Please refer in the first instance to wider Government guidance on:
- Staying at home if you think you have coronavirus (self-isolating)
- How everyone can help stop coronavirus (social distancing)
- How to protect extremely vulnerable people (shielding)
The Government also have a wide range of information to help people at this time, including on employment, financial support, school closures and childcare. See: https://www.gov.uk/coronavirus
This document contains:
- Cancer patient specific Q&A:
- People living with cancer now
- People who have had cancer in the past
- Family/friends/carers of people living with cancer
- The future
- For people worried they have cancer
- Detailed questions about the categorisation of extremely vulnerable people
People living with cancer now
Q1 Do I need to do anything differently as someone who is being treated/in remission from cancer/living with a chronic cancer?
People with certain cancers and those who have received or are receiving certain treatments are at risk of severe illness if they catch coronavirus (COVID-19). This includes:
- people with cancer who are undergoing active chemotherapy
- people with cancer who are undergoing radical radiotherapy for lung cancer
- people with cancers of the blood or bone marrow such as leukaemia, lymphoma or myeloma who are at any stage of treatment
- people having immunotherapy or other continuing antibody treatments for cancer
- people having other targeted cancer treatments which can affect the immune system, such as protein kinase inhibitors or PARP inhibitors
- people who have had bone marrow or stem cell transplants in the last 6 months, or who are still taking immunosuppression drugs.
The Government has published guidance for these people, and strongly advises them to rigorously follow shielding measures in order to keep themselves safe:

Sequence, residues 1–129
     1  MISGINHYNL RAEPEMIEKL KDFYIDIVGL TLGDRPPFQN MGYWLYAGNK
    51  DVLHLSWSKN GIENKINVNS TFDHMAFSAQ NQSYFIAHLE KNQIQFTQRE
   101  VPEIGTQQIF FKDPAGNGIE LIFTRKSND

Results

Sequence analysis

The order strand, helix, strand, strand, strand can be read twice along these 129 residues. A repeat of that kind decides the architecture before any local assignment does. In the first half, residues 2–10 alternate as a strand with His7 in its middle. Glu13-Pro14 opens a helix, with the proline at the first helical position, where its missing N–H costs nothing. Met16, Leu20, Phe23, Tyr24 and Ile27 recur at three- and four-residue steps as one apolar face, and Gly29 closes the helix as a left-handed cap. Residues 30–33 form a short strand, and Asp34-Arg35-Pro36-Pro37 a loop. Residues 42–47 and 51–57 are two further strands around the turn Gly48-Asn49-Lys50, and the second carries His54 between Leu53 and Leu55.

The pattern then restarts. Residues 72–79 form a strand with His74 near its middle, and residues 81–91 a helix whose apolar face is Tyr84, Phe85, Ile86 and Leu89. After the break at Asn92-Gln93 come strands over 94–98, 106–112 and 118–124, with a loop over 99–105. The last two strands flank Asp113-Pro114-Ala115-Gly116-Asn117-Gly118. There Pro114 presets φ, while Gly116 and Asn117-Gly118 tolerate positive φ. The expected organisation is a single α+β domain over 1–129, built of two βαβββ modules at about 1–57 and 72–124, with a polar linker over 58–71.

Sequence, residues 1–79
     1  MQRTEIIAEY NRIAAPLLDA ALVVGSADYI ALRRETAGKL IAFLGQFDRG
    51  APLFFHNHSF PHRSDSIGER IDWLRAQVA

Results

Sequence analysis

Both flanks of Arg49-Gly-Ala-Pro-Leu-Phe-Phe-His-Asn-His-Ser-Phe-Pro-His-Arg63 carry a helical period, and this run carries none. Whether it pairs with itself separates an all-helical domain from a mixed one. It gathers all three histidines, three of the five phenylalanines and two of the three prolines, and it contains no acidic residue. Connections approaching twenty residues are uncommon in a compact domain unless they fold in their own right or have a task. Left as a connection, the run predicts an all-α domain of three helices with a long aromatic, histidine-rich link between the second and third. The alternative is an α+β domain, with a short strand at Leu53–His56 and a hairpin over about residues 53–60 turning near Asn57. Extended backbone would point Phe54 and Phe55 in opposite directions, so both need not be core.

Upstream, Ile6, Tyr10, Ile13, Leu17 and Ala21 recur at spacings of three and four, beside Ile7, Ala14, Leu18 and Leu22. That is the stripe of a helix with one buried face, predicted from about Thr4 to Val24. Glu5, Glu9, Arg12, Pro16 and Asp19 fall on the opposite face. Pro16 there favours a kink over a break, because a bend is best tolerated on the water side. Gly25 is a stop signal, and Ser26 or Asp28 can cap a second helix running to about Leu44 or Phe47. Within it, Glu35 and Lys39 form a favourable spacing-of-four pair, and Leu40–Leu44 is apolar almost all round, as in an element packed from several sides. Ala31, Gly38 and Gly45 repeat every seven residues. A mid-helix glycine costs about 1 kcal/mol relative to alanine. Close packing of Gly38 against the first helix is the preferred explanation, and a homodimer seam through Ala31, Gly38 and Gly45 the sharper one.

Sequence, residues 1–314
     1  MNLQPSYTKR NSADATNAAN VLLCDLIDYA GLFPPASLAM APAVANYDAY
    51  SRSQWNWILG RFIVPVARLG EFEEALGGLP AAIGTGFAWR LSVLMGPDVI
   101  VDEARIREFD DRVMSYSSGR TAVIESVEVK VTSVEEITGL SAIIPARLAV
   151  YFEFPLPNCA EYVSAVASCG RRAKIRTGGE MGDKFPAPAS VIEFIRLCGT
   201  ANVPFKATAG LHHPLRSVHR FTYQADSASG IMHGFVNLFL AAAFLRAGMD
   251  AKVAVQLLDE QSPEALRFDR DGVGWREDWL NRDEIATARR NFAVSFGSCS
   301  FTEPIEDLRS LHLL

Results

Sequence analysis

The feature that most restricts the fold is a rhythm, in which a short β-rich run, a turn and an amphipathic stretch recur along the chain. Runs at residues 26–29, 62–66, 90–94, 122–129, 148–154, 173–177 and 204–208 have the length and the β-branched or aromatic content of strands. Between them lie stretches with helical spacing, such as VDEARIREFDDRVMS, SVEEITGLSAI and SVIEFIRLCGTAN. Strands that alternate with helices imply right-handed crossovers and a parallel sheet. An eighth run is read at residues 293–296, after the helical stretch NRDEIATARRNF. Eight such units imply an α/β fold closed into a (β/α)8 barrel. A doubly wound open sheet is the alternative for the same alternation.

- Strictly avoid contact with someone who is displaying symptoms of coronavirus (COVID-19). These symptoms include high temperature and/or new and continuous cough.
- Do not leave your house, except to attend essential medical appointments (please speak to your hospital team to determine which appointments are absolutely essential).
- Do not attend any gatherings. This includes gatherings of friends and families in private spaces for example family homes, weddings and religious services.
- Do not go out for shopping, leisure or travel and, when arranging food or medication deliveries, these should be left at the door to minimise contact.
- Keep in touch using remote technology such as phone, internet, and social media.
The NHS is writing to people in these groups with advice and information about what to do during this time, and where to access support. If you are affected, and have a scheduled hospital or other medical appointment during this period, talk to your clinical team to ensure you continue to receive the care you need and determine which of these are absolutely essential.
For others with cancer, not in one of the groups outlined above, the Government is advising you should be particularly stringent in following social distancing measures. They are:
- Avoid contact with someone who is displaying symptoms of coronavirus (COVID-19). These symptoms include high temperature and/or new and continuous cough.
- Avoid non-essential use of public transport, varying your travel times to avoid rush hour, when possible.
- Work from home, where possible. Your employer should support you to do this. Please refer to employer guidance for more information.